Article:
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D-Day remembrances today, including an unplanned 15-minute talk between Obama and Putin, both being at the same Normandy memorial event and no doubt aware of how ironic a present-day fracas over a part of Eastern Europe must seem on such a day, at such an event. They and others were treated to a unique dance piece involving masses of dancers on a large ‘playing field’ setting overlaid with an idealized map of the world. The most diverting part was played by the ‘Underground’ dancers who wove amongst the belligerent forces dance-groups—Claire loved it, I thought it dragged a bit, but I’m no big dance fan. I couldn’t help imagining the thoughts behind the eyes of all the old soldiers—whom I suspect were struggling to keep their expressions non-judgmental. In other words I thought it may have been the wrong audience and setting for something that artsy—but I’m no judge, what do I know.

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My favorite part of all the military ‘holy’ days is that the movies on TV come out in force—armed forces, that is. I just finished watching that “Band of Brothers” episode, “Why We Fight”—the one where they come upon a death camp—which ends with the German townspeople being forced to bury the remaining piles of corpses to a string quartet playing some mournful Beethoven. The afterword stated that 6,000,000 Jews and 5,000,000 of other ethnic minorities were murdered in the implementation of Hitler’s ‘Final Solution’—that’s eleven million people slaughtered by a fascist government system. Many other millions died innocently in bombings and shellings and shootings, disease and starvation, and there were hundreds of thousands of soldiers, sailors and airmen killed in action—on all sides of the fight. (We often overlook the facts that Russia fielded more fighters and took the lion’s share of the brunt of Nazi Germany’s savagery—and that the Chinese took the worst of it from Japan’s madness for military expansion. In 1945, after the Japanese withdrew, the Chinese government was so threadbare it was forced to stand silent as millions of its citizens died of the great famine that swept central China immediately after the war.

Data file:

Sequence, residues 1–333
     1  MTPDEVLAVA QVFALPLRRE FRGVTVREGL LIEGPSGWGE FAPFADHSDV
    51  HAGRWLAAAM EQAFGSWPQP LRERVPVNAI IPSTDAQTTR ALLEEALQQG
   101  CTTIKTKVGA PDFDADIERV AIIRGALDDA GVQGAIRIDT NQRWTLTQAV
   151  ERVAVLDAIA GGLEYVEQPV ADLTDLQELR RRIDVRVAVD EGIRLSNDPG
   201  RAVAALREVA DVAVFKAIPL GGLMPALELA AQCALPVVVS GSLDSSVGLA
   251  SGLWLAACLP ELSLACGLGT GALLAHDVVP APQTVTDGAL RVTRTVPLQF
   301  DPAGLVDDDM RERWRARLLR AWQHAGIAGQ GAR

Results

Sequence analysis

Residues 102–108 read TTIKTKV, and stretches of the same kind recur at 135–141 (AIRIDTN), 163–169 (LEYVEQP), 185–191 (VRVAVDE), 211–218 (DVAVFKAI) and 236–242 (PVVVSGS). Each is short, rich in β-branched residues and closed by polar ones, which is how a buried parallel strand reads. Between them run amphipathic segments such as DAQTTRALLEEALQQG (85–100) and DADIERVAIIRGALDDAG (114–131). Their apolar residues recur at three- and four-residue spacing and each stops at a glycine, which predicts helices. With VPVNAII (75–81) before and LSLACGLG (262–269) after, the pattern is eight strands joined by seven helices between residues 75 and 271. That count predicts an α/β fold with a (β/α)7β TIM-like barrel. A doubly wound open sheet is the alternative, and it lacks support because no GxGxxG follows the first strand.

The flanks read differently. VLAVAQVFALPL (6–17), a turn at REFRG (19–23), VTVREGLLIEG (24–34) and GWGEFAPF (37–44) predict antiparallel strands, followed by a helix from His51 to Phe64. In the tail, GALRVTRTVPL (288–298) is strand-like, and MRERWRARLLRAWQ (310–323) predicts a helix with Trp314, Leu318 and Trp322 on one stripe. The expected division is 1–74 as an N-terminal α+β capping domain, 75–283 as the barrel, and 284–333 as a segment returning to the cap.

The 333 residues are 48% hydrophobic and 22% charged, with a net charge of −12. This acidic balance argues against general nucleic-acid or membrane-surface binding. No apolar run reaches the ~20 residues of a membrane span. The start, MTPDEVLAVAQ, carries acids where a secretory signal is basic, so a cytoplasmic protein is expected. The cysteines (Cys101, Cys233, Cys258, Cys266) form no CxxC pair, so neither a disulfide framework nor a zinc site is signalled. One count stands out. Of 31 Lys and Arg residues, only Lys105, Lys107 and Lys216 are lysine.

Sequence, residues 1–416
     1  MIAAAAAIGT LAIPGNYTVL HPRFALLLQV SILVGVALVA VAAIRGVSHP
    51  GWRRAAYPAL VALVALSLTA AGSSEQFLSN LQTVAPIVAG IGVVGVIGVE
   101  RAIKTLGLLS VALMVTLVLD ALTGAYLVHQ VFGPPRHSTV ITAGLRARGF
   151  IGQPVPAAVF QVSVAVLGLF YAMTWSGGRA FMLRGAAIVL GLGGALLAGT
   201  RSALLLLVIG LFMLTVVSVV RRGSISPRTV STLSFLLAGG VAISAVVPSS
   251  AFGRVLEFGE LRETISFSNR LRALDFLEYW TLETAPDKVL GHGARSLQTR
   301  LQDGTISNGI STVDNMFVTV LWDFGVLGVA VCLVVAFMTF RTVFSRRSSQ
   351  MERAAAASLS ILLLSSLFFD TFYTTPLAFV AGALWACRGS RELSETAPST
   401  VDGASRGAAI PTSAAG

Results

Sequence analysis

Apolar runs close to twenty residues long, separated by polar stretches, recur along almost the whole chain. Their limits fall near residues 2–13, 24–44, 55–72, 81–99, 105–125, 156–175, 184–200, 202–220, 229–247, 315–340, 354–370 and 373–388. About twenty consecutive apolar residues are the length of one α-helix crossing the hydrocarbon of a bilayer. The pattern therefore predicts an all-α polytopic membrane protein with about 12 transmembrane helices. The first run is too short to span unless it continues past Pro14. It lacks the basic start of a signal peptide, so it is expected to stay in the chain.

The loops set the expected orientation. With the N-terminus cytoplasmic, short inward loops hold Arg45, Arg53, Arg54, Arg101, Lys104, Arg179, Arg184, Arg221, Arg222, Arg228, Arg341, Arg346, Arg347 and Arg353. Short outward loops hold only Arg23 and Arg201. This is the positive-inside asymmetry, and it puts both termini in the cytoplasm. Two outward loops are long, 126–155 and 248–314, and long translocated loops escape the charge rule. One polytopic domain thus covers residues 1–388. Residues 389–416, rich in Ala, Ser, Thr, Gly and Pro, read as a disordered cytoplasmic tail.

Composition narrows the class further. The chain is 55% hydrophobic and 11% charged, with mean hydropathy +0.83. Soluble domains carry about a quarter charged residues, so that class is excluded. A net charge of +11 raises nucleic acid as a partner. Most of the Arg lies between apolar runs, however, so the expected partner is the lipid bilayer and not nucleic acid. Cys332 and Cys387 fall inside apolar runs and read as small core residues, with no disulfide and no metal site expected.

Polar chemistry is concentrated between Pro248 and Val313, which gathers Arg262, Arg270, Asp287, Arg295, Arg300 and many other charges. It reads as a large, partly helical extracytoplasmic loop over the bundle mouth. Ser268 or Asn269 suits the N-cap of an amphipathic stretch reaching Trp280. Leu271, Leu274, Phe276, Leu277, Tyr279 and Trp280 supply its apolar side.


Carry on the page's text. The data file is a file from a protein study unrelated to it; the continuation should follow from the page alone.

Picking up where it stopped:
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The USA, very proud of its part in ending both World Wars, deftly ignores how late we were to join both fights—and how little we sacrificed compared to other nations who played the game on their home fields. I’m proud of America’s part in world history—and of our armed forces—the only empire that never takes possession of its conquests. Perspective, however, should not blind us to the records of history or the nature and value of the rest of the world. Proud is good, but selfish is not, and willfully ignorant is unacceptable.